# Will reusing \sbox-ed cmds reduce DVI/PDF size?

I wonder wheither reusing `\sbox`'es decreases only `.tex` code or also its final output whether DVI/PDF/... i.e. does TeX expand them while writing DVI or PDF or does the viewer do that? For example `gnuplot` doesn't use `\sbox`'es for identical tickmarks on opposite sides of a plot.

No, saveboxes created with `\sbox` and friends do not reduce the final file size. The content is written to the output file every time it is used in the document.

I actually wrote a LaTeX package `storebox` which provides "storeboxes" which work like saveboxes but only store the content once in the PDF. However, this only works with `pdflatex` in PDF mode, not with DVI, because it uses a feature of the PDF format.

• As I understand DVI file format is a kind of machine language with opcodes, and a stack, so does `\sbox` still reduce file size of DVI? perhaps the conversion to PDF expands them... – propaganda Jan 13 '12 at 20:25
• OK, I went through the short DVI file type specification, and there's no display lists or call functions, so TeX necessarily expands repeated `\sbox` usage – propaganda Jan 13 '12 at 21:59
• But does the use of saveboxes reduce compilation time, if not file size? My gut says yes. – Steven B. Segletes Nov 29 '17 at 15:25
• @StevenB.Segletes: As the content is only typeset once the box is saved it indeed reduces compilation time compared to typeset the content several times by using a macro. The file size is not reduced using `\sbox` as the content is repeated in the output file on every use. – Martin Scharrer Nov 29 '17 at 15:57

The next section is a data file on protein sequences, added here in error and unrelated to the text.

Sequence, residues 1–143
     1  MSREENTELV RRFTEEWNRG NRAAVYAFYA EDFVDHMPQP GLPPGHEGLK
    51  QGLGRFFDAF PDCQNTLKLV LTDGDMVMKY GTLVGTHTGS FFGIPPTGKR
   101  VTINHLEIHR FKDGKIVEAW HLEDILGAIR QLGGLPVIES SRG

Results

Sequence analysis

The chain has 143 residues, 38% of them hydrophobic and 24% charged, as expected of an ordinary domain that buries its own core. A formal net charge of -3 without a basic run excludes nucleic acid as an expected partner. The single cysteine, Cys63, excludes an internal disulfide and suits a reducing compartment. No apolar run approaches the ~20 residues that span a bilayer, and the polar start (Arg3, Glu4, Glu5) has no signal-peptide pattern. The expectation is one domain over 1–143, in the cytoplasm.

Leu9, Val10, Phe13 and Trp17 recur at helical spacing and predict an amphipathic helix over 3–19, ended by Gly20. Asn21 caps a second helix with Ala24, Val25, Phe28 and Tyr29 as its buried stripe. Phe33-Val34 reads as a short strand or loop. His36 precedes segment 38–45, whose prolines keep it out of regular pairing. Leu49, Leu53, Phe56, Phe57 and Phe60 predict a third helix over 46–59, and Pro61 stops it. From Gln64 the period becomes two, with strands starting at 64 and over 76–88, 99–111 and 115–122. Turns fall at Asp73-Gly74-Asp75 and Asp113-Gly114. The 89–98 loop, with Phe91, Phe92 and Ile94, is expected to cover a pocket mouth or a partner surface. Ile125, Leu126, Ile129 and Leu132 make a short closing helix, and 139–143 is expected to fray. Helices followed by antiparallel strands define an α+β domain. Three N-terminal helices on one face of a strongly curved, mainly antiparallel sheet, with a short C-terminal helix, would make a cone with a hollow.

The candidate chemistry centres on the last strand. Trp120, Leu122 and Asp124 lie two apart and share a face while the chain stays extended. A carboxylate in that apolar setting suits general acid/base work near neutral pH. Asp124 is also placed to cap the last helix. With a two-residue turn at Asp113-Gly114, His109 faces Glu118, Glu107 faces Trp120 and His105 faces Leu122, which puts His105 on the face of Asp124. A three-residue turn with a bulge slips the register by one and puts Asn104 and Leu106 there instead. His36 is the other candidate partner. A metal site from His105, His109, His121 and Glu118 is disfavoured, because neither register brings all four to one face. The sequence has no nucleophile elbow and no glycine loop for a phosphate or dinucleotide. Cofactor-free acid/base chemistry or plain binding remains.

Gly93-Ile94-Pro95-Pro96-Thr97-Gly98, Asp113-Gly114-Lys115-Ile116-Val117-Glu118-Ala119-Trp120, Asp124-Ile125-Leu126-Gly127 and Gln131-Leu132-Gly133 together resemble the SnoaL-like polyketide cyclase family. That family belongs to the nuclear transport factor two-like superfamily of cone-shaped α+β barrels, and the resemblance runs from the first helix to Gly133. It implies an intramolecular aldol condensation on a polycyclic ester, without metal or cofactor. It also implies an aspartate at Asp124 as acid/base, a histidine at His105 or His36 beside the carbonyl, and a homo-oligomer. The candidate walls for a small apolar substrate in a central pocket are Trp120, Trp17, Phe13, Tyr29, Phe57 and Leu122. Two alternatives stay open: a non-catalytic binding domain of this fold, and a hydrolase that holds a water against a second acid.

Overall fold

As Martin said, standard LaTeX save-boxes `\sbox`, `\savebox` and `lrbox` environment repeat the DVI, PS and PDF code on every `\usebox`.

Package `xsavebox` provides `\xsbox`, `\xsavebox`, `xlrbox` and `\xusebox`, which, apart from box naming, are used in the same way as the standard LaTeX commands, but insert the box content only once as a PDF XObject. Repeated usage of `\xusebox` inserts references to the object. This works for all common workflows, including `dvips`+`ps2pdf`.

E.g. `\xsbox{My Box 1}{Hello world!}` ... `\xusebox{My Box 1}`

or `\xsbox{MyBoxOne}{Hello world!}` ... `\theMyBoxOne`

Of course, this does not make sense for boxes with little content as in the example because some overhead is introduced. But it may reduce the PDF file size for repeated TikZ graphics, used e.g. as watermarks, and alike.

• Interesting package. Just one remark: when you use `\setlength` it should be, in my opinion, `\dim_set:Nn` which already allows for dimension expressions. Not for `\ratio` from `calc`, but this can be emulated with `xfp`. – egreg Nov 29 '17 at 15:31
• Indeed, the motivation for using `\setlength` in the definition of package/command options was to address potential usage of `calc`-style dimension expressions provided by the user. This ensures the same (expected) behaviour as with the standard `\savebox` command. Otherwise the user code would need to be parsed in order to substitute `\ratio` or other macros. – AlexG Nov 29 '17 at 15:46
• For instance `\setlength{\newYsize}{\Ysize*\ratio{\textwidth}{\Xsize}}` (the example in the manual for `calc`) becomes `\setlength{\newYsize}{\fpeval{\textwidth/\Xsize}\Ysize}`. But both syntaxes are accepted, it seems, so possibly your strategy is good. – egreg Nov 29 '17 at 15:49
• You can avoid overhead of `xfp` at least for such operation, see tex.stackexchange.com/a/383689/4686 – user4686 Nov 29 '17 at 16:38
• Finally, the user decides what goes into te optional width argument of `\xsavebox`/`\savebox` (`calc`-style, `\dimexpr`, ...). And this is beyond the control of the command's implementation. Therefore, `\setlength` was used internally to fully comply with `\savebox` behaviour. – AlexG Nov 29 '17 at 20:22